Researchers observed durable responses in patients with renal cell carcinoma treated with the PD-L1 antibody MPDL3280A. The study, which was presented at the 2013 ASCO Annual Meeting, was one of the few immune therapy trials that allowed patients with non-clear cell histologies and some clinical activity was observed in these patients.
Researchers observed durable responses in patients with renal cell carcinoma treated with the PD-L1 antibody MPDL3280A. The study, which was presented at the annual meeting of the American Society of Clinical Oncology (ASCO), was one of the few immune therapy trials that allowed patients with non-clear cell histologies and some clinical activity was observed in these patients.
Central posterior medial lesion in the midportion of the left kidney revealed by axial–post-contrast CT (top) and T1 pre-Vibe fat sat MRI (bottom)
Cancer cells have mutations that make them recognizable by the immune system; however, cancer cells have developed a number of ways to evade the immune surveillance with one example being the expression of proteins such as PD-L1.
“PD-L1 is broadly expressed across multiple types of cancers,” said presenter Daniel C. Cho, MD, director of experimental therapeutics program at Beth Israel Deaconess Medical Center. “In renal cancer, PD-L1 is not expressed in normal human kidney cells but is believed to be abhorrently expressed in both primary and metastatic renal cell carcinoma.”
PD-L1 is typically expressed on the surface of tumor cells. When this happens, PD-L1 can bind to its receptors PD-1 and B7.1 on the surface of the T cell and this interaction with the two receptors results in inhibitory immune signal, which can turn the T cell off and allow continued tumor immune evasion and subsequent tumor growth. Researchers believed that by inhibiting the PD-L1/PD-1 interaction, antitumor T-cell activity would be restored, potentially leading to long-lasting antitumor responses.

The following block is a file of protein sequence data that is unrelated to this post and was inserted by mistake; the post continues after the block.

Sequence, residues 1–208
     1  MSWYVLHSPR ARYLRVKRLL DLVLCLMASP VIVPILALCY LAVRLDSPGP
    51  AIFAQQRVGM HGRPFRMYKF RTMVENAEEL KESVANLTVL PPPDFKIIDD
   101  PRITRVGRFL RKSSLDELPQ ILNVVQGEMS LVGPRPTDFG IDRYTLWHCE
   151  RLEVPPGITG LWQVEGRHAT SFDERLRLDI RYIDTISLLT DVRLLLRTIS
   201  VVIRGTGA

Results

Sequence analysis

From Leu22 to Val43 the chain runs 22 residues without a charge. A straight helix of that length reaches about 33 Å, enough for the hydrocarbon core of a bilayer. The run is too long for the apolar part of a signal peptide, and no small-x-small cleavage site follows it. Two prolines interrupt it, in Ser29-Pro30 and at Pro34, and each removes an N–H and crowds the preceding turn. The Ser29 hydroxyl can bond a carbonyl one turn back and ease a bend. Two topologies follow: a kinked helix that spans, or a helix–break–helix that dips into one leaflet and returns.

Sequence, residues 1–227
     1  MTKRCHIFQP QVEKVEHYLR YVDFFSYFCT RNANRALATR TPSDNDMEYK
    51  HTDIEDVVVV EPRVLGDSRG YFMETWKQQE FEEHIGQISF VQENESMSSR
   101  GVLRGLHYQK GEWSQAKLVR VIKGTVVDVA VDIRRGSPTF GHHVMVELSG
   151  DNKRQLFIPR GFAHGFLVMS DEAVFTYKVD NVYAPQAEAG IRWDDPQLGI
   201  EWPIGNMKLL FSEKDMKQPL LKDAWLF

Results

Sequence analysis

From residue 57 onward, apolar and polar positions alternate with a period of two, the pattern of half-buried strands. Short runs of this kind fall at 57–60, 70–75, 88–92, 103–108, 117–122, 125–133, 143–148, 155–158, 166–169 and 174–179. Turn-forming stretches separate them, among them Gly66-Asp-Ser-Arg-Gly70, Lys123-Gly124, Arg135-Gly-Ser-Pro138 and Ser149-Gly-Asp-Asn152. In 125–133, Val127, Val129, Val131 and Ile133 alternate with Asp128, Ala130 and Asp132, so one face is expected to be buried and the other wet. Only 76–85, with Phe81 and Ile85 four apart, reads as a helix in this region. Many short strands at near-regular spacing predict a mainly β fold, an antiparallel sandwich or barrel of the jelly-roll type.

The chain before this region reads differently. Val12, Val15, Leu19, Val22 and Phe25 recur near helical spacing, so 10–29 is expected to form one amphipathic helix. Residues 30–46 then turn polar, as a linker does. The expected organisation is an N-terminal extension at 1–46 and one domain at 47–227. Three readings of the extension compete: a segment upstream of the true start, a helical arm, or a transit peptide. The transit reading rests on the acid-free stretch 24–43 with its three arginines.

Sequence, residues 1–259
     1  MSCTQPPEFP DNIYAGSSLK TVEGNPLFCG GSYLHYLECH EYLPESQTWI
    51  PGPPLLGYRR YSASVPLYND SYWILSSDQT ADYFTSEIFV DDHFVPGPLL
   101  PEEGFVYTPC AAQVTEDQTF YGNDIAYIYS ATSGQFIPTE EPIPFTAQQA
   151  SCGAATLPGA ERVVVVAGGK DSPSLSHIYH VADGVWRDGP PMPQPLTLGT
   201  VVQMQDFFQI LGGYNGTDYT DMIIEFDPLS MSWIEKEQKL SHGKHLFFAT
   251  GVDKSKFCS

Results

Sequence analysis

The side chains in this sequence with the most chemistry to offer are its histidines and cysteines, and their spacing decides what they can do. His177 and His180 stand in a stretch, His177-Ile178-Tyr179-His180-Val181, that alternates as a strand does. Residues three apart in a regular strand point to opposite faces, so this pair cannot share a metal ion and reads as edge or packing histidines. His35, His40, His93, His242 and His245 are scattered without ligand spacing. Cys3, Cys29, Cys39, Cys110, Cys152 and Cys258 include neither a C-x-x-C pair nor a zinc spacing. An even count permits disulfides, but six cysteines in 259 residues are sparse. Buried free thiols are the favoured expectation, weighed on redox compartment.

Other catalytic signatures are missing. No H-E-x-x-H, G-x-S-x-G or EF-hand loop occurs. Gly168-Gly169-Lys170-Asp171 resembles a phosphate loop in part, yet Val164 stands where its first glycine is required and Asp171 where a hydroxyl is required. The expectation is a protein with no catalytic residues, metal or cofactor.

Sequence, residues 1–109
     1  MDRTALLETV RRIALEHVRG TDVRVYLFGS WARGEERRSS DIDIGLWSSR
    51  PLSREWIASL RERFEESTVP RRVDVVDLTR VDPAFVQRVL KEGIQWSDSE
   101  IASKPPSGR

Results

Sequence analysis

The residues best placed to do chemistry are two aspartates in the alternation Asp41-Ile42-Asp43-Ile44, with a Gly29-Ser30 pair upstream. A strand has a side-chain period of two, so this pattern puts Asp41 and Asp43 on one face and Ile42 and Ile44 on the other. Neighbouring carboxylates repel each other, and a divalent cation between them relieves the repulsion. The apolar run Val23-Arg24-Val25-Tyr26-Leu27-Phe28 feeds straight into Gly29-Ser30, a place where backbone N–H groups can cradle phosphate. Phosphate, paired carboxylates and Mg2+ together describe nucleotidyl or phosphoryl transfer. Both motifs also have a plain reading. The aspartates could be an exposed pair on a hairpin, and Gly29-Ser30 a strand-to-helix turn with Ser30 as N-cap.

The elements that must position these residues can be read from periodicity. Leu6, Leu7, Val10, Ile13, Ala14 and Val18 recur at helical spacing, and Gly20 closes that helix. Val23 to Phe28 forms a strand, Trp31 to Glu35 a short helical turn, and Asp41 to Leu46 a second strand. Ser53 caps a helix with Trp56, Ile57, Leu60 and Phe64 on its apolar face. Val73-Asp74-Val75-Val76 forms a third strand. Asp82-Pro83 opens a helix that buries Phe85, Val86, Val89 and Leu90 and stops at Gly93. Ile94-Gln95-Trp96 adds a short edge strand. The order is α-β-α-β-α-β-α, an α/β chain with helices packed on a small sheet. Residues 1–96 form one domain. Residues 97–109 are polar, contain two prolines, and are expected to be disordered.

In this study, Dr. Cho and colleagues studied the PD-L1 antibody MPDL3280A, which binds to PD-L1 on the surface of the tumor cell and, hence, interferes with the interaction of PD-L1 and PD-1 and B7.1.
As part of a larger dose escalation and dose expansion study, 53 patients with renal cell carcinoma received MPDL3280A intravenously three times a week at doses of 10 mg/kg, 15 mg/kg, or 20 mg/kg. Of the renal cell patients, 87% had clear cell carcinoma, 7% had papillary, and 4% had sarcomatoid histologies.
“Overall the treatment was extremely well tolerated with no treatment-related deaths in renal cell carcinoma patients, no maximum tolerated dose achieved and no dose-limiting toxicities reported,” Dr. Cho said. “The majority of adverse events was grade 1/2 and did not require intervention.”
Fifty-one percent of patients did experience a grade 3/4 adverse event, but only 13% had grade 3/4 events that were treatment-related.
“Interestingly, unlike similarly targeted agents, there were no grade 3 to 5 pneumonitis observed and also no grade 3/4 immune-related adverse events observed,” Dr. Cho said.
The overall response rate among the total study population, which included multiple tumor types, was 21%. An additional 16% of patients went on to achieve stable disease of 24 weeks or longer.
When looking at just the renal cancer population, the overall response rate was slightly lower at 13%; however, 32% of patients achieved stable disease of 24 weeks or longer. The 24-week progression-free survival in the renal cell group was 53%. Among patients with non-clear cell histology, the overall response rate was 17%, with a 24-week progression-free survival of 20%.
“Because not all patients respond to immune therapies one of the priorities is to develop a predictive biomarker so we can direct therapies to those most likely to benefit,” Dr. Cho said. “One of the leading hypotheses in terms of PD-L1 and PD-1 antibodies is tumor expression of PD-L1 a priori.”
In the overall study population, the response rate was much higher in PD-L1–positive patients at 36% compared with 13% in PD-L1–negative patients. In the renal cell cancer patient population this correlation persisted with a response rate of 20% in the PD-L1–positive group and 10% in PD-L1–negative group.
When the researchers further broke down clinical benefit as defined by stable disease, partial response, or complete response, in the PD-L1–positive patient population, 80% experienced clinical benefit compared with 62% in PD-L1–negative population. Complete responses occurred only in the PD-L1–positive group
In his discussion of the results, Toni Choueiri, MD, director of the kidney cancer center, Dana-Farber Cancer Institute/Brigham and Women’s Hospital, said that although the data are very preliminary, the safety and efficacy results are encouraging.
Although more mature efficacy data are needed, Dr. Choueiri suggested that the drug’s tolerability indicates that researchers may be able to begin to combine it with other immune checkpoint inhibitors such as CTLA-4 or LAG3.
Other proposed combinations including VEGF-targeted therapies such as bevacizumab (Avastin). In fact, Dr. Choueiri proposed a study looking at bevacizumab plus or minus MPDL3280A stratified by PD-L1 status and risk groups.